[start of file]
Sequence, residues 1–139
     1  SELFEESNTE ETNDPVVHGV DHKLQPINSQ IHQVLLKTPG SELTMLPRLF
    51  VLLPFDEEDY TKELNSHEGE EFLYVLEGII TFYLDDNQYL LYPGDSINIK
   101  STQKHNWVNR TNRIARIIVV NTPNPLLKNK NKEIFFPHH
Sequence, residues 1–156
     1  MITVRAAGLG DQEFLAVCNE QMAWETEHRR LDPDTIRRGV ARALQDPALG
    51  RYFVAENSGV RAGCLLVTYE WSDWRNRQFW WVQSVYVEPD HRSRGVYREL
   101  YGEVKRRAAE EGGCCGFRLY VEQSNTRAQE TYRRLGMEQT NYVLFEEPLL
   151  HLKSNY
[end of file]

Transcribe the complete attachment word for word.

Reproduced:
Sequence, residues 1–139
     1  SELFEESNTE ETNDPVVHGV DHKLQPINSQ IHQVLLKTPG SELTMLPRLF
    51  VLLPFDEEDY TKELNSHEGE EFLYVLEGII TFYLDDNQYL LYPGDSINIK
   101  STQKHNWVNR TNRIARIIVV NTPNPLLKNK NKEIFFPHH
Sequence, residues 1–156
     1  MITVRAAGLG DQEFLAVCNE QMAWETEHRR LDPDTIRRGV ARALQDPALG
    51  RYFVAENSGV RAGCLLVTYE WSDWRNRQFW WVQSVYVEPD HRSRGVYREL
   101  YGEVKRRAAE EGGCCGFRLY VEQSNTRAQE TYRRLGMEQT NYVLFEEPLL
   151  HLKSNY